reading of the authorities, and much reflection regarding the theory on which the proper exercise of the right of removal must be founded convinces me, although I do not find it stated elsewhere in just this form, that the only basis on which a federal court will be hospitable to a litigation translated from a state court is where the federal court is given the whole case to decide in all its aspects, and is thus left free to exercise a plenary jurisdiction in respect of the case, untrammelled by any procedural estoppels resulting from the acts or omissions of the defendant, who has effected the removal. Cf. Martin v. Baltimore & Ohio R. Co., 151 U.S. 673, 687, 14 S. Ct. 533, 38 L. Ed. 311. Having thus on its own initiative submitted itself to the jurisdiction of the state court, and having unsuccessfully tried there an issue, which, if successfully maintained, would have resulted in a dismissal of the action, the defendant elected its forum; and, having made the election, it cannot thereafter be allowed to remove the case to the federal court. If the defendant should make a similar motion here, the law of the case on such a motion would necessarily be the decision of the state court, because that settled the issue between the parties. This situation pointedly illustrates the reason why the removal of this case was precluded by the defendant's act. Such a straddle as the defendant has attempted cannot be tolerated where, as under our system, courts of two different sovereignties exercise their respective jurisdictions in the same territory. I think, perhaps, that I cannot point my moral better than by calling attention to the fact that in its answer the defendant apparently seeks again to raise the question of the plaintiff's incapacity to sue owing to its dissolution. Thus the defendant asks a new day in a new court on an issue which has been finally settled, as the law of the case, between the parties hereto, by the above-mentioned order of the New York Supreme Court, from which, owing to the removal, an appeal could not be taken. The defendant cannot thus retrieve a lost issue.' (p. 379).
The defendant submitted his complete immunity defense to the State Court.
Judge Laub in his opinion recognized the immunity doctrine as set forth in Gregoire v. Biddle, 177 F. d 579 (2nd Cir. 1949), and Barr v. Matteo, 360 U.S. 564, 79 S. Ct. 1335, 1347, 3 L. Ed. 2d 1434 (1959), as well as the arguments of the opponents of the doctrine.
'Whatever may be said of it, the fact at this level is that the doctrine exists in both the Federal and Pennsylvania law. The problem before us is, therefore, whether the defendant was a high-ranking public officer of government at the time of the operation, and whether, at that time, he was performing a purely public duty. If the answer to both these questions is in the affirmative, the doctrine immunizes him from this action.'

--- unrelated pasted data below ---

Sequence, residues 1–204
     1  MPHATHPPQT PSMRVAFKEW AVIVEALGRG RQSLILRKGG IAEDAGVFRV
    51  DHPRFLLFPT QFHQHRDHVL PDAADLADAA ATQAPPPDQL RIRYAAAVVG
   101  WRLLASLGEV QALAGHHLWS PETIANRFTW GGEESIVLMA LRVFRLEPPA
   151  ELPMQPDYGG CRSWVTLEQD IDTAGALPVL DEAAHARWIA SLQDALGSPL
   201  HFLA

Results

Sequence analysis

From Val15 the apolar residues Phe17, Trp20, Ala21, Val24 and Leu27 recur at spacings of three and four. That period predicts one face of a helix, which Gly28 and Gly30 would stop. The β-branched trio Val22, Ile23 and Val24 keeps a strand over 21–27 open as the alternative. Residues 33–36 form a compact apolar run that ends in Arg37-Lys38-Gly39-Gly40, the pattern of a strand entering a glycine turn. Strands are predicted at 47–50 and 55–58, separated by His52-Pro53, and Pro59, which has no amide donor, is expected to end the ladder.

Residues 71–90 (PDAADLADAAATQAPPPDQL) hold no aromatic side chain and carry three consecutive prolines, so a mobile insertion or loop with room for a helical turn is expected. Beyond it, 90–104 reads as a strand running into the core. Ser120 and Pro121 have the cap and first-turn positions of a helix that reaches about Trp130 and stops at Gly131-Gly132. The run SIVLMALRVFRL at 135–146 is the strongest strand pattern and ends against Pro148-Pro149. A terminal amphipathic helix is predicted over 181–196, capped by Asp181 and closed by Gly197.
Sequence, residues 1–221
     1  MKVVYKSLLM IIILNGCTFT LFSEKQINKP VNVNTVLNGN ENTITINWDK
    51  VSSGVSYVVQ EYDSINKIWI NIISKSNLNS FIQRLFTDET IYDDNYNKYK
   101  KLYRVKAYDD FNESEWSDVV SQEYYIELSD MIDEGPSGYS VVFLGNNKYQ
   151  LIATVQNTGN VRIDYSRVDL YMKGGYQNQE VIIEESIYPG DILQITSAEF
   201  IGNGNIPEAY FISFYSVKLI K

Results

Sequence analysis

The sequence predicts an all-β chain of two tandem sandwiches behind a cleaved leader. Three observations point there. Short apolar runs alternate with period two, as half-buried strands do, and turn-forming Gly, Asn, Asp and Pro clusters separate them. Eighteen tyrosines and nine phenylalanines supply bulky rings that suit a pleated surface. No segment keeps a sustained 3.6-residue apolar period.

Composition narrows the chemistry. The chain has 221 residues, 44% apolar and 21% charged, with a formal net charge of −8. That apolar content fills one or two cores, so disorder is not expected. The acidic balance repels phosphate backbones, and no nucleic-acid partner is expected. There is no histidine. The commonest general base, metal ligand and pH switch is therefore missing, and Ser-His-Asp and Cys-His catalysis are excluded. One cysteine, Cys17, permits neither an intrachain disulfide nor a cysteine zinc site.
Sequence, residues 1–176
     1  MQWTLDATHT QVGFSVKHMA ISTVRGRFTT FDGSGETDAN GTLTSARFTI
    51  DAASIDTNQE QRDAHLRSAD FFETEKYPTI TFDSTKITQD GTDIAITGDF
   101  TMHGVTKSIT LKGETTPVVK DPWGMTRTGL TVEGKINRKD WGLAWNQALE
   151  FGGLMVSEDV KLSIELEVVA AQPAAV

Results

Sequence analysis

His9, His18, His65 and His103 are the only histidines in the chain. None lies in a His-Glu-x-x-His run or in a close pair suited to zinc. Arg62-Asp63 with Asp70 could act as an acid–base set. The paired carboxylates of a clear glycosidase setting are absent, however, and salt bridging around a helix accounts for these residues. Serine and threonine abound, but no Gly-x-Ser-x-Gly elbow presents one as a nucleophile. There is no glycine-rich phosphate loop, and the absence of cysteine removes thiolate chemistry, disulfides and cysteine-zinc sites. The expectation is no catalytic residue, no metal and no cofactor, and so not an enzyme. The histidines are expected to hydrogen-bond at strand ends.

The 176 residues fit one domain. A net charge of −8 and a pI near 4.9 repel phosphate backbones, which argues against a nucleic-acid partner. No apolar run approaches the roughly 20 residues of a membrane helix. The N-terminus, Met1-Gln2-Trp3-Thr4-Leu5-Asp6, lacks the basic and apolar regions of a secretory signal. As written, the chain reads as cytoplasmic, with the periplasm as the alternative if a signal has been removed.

Vendetti v. Schuster
48 Erie Co. L.J. -- --
-- -- Pa.D. & C.2d -- --
Erie Co. Pa., 1964).
The Common Pleas Court held that the circumstances of the physician-patient relationship in this case, the position of the defendant on the medical staff of the Veterans' Administration Hospital, the circumstances under which the alleged act of negligence occurred, and the absence of policy making functions in the hands of defendant, all precluded the application of the immunity doctrine.
Numerous cases support the proposition that by litigating the issues in the state court, by demurrer, by pleas in abatement, by answer on the merits, by trial, or other evidence of submission to the state court's jurisdiction, operate to waive the right of removal. Alley v. Nott, 111 U.S. 472, 4 S. Ct. 495, 28 L. Ed. 491; Scharff v. Levy, 112 U.S. 711, 5 S. Ct. 360, 28 L. Ed. 825; Martin v. B. & O.R.R. Co., 151 U.S. 673, 14 S. Ct. 533, 38 L. Ed. 311; Briggs v. Miami Window Corp., D.C., 158 F.Supp. 229; Vanderwater v. City National Bank of Kankakee, D.C., 28 F.Supp. 89; General Phoenix Corp. v. Malyon, D.C., 88 F.Supp. 502.
Although it was not a removal case, the Supreme Court of the United States has stated what we believe to be a principle of general application to this problem: In England v. Louisiana State Board of Medical Examiners, 375 U.S. 411, 84 S. Ct. 461, 11 L. Ed. 2d 440 (1964), where the United States District Court had abstained from decision pending a review of the state statute in the state courts, and when after full litigation of all issues in the state courts including the Federal Constitutional question the plaintiffs sought to return to the United States District Court, the Supreme Court held at 375 U.S. p. 419, 84 S. Ct. p. 467:
'We now explicitly hold that if a party freely and without reservation submits his federal claims for decision by the state courts, litigates them there, and has them decided there, then -- whether or not he seeks direct review of the state decision in this Court -- he has elected to forgo his right to return to the District Court.'
For the reasons above stated we are of the opinion that the within action must be remanded to the state court because the removal was not timely and because the defendant has waived his right of removal by the submission of his Federal question to the state court, without reservation.
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